Space ratio comparison of ship space/tonnage to passenger capacity Higher ratio = extra spacious


The initial step when selecting a cabin is deciding between the two types of cabin available - a "run of the ship" cabin or a "perfect" cabin. Run of the ship cabins are not assigned until the week of departure, which lowers the cost for travelers. This option only allows for a choice between an inside and an outside cabin. Perfect cabins guarantee exactly what you request and pay for.

Some additional guidelines for selecting a room:

  • Confirm the view you'll have in an outside cabin , make sure you're getting what you expect. You may want to request a view of the ocean.

  • If you are subject to motion sickness, consider a cabin on the lower decks. The further into the middle of the ship you get, the less you'll feel ship movements.

  • If you are traveling with young children, do not select an outside cabin, especially a cabin with balcony access.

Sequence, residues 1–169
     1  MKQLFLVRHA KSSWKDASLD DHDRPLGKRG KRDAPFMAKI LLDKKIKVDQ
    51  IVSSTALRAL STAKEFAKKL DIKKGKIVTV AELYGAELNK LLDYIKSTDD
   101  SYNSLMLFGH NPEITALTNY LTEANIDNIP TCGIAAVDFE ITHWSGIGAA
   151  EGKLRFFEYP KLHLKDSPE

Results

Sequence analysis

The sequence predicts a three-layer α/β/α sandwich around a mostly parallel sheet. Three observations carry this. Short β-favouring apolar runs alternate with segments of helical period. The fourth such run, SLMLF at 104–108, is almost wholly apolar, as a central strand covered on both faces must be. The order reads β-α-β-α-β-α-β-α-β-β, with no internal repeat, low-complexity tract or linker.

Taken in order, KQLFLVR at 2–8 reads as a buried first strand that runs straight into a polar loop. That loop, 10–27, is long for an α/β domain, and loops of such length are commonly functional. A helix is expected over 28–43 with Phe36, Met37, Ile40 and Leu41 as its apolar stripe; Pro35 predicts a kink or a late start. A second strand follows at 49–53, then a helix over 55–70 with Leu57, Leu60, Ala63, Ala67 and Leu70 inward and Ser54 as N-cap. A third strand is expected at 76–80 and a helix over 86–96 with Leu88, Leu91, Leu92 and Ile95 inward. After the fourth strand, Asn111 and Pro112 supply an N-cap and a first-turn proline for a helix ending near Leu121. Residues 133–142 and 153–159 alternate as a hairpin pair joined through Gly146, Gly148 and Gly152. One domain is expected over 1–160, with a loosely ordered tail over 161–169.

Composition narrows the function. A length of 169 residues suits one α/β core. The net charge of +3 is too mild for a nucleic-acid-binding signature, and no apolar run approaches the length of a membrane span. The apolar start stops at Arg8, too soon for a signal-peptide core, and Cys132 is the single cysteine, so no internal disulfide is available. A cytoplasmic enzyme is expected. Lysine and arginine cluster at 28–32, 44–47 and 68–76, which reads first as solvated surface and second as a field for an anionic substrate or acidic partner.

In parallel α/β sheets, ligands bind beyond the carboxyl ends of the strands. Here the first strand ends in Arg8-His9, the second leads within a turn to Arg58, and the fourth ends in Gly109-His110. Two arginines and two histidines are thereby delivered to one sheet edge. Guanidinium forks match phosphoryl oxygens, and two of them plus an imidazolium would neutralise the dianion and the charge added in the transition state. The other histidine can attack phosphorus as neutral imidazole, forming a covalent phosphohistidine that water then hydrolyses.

• Avoid booking cabins in close proximity to anchors, bars, casinos, elevators, engine rooms, gyms, nightclubs, public rooms, stairways, pools and hot tubs, theaters, or thrusters. These areas can be particularly noisy.

  • Keep money and valuables safely hidden in your room and always lock your cabin door. Avoid carrying unnecessary cash around the ship.

When To Go

The most popular time to cruise is also the most popular time to visit the Caribbean - winter holidays such as New Year's Eve, Christmas, Thanksgiving, and Easter are especially popular dates for travel. Other times of year can be much less expensive than these popular travel times, but many travelers dislike the idea of traveling during hurricane season, which makes up most of the summer months - June to November. Remember, though, that most travel is not effected by hurricanes.

Where To Go

Since Turks and Caicos cruises are so rare, you'll need to select a cruise based on the other destinations at which it also stops. Selecting an island destination is an important step in your vacation planning. Miami, Ft. Lauderdale and Tampa are primary departure ports from which you may choose to visit the western or eastern portions of the Caribbean. An Eastern Caribbean cruise may include stops in the U.S. Virgin Islands, Barbados, or St. Maarten, as well as the Turks and Caicos.